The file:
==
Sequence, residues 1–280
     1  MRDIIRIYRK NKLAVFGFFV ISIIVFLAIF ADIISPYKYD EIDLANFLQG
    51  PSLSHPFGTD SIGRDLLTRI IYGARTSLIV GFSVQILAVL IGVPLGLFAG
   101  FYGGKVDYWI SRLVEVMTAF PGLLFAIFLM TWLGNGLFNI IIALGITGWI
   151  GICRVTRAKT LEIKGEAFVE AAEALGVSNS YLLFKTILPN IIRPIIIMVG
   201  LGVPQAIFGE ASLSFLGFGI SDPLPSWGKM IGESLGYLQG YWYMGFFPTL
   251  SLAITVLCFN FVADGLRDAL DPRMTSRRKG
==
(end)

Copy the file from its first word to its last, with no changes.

Sequence, residues 1–280
     1  MRDIIRIYRK NKLAVFGFFV ISIIVFLAIF ADIISPYKYD EIDLANFLQG
    51  PSLSHPFGTD SIGRDLLTRI IYGARTSLIV GFSVQILAVL IGVPLGLFAG
   101  FYGGKVDYWI SRLVEVMTAF PGLLFAIFLM TWLGNGLFNI IIALGITGWI
   151  GICRVTRAKT LEIKGEAFVE AAEALGVSNS YLLFKTILPN IIRPIIIMVG
   201  LGVPQAIFGE ASLSFLGFGI SDPLPSWGKM IGESLGYLQG YWYMGFFPTL
   251  SLAITVLCFN FVADGLRDAL DPRMTSRRKG